9 Tips for a fuss free (i.e. survivable) PhD submission

Latest from the Thesis Whisperer - February 7, 2018 - 4:00am

Are you close to submitting your PhD? Genevieve has some excellent pointers for you to smooth the process.

In 2016 Genevieve Simpson completed her PhD, which examined community, industry and government perceptions of residential solar energy technologies and policies to support its adoption. She is excited about the opportunity to take her findings out into the ‘real world’, but misses teaching and hanging out with her postgrad peers at The University of Western Australia. You can find her on Twitter as @gensimpson_wa

A friend of mine asked me for some advice about what to do in the lead up to the PhD submission. While I’m sure every experience is different, I think it’s reasonably safe to say that the following points would be useful for a majority of PhD candidates.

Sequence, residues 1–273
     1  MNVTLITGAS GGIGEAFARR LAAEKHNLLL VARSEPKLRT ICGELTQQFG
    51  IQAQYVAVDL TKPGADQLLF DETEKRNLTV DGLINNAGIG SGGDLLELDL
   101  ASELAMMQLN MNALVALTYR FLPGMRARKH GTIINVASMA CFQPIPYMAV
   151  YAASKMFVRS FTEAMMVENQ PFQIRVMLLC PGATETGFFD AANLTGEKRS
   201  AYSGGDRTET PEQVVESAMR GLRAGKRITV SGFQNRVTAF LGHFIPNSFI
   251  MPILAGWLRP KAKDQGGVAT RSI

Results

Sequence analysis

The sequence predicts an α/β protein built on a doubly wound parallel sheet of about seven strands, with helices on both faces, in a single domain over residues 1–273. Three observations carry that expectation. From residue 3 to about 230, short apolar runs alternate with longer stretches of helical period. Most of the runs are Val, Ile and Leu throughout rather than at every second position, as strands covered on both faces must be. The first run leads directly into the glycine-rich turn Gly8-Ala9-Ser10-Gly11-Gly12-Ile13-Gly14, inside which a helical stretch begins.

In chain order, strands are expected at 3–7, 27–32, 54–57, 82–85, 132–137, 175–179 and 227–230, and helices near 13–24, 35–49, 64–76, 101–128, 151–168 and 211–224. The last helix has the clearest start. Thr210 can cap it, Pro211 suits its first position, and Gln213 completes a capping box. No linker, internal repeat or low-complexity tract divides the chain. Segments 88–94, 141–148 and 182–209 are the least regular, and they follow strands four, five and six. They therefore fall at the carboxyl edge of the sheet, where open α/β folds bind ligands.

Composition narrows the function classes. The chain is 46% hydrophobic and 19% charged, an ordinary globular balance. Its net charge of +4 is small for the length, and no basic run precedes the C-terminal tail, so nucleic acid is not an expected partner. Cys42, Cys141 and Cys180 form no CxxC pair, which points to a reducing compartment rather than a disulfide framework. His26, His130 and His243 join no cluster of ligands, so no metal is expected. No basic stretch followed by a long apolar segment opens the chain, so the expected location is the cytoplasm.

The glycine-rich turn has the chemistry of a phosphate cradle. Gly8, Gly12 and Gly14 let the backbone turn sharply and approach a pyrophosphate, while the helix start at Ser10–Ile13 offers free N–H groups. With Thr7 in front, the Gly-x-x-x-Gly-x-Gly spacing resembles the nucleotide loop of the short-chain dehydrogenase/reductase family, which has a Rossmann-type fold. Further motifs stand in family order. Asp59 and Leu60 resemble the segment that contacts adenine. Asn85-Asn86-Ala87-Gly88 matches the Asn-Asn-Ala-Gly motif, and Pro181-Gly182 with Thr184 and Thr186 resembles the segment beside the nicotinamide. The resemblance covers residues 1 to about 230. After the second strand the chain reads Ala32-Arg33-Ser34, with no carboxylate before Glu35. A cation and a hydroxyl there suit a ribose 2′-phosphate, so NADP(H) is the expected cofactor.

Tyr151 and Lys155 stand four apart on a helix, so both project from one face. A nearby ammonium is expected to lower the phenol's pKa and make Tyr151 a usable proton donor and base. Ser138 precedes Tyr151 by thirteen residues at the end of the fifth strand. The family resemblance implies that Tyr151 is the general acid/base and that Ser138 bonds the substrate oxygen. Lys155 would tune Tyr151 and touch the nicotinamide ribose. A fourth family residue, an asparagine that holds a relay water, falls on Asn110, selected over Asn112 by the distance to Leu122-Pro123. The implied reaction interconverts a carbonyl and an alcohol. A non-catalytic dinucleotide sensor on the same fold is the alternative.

Know the administrative requirements for submitting

I’m putting this right at the beginning because it REALLY IS the most important of these tips.  Have a look at your University’s submission process and get some idea of how long each step is supposed to take and how far in advance they might need particular pieces of information. For instance, while it might be tempting to deal with all the paperwork once your thesis has been written you don’t want to get to submission day and find out that you needed to nominate your examiners at least two weeks prior to submission!  Become aware of the administrative requirements at the university, faculty and school level (if applicable).  Oh, and make sure that you don’t have any outstanding debts with the university.  The Guild fees that you were avoiding could become quite important when you can’t submit until they’ve been paid.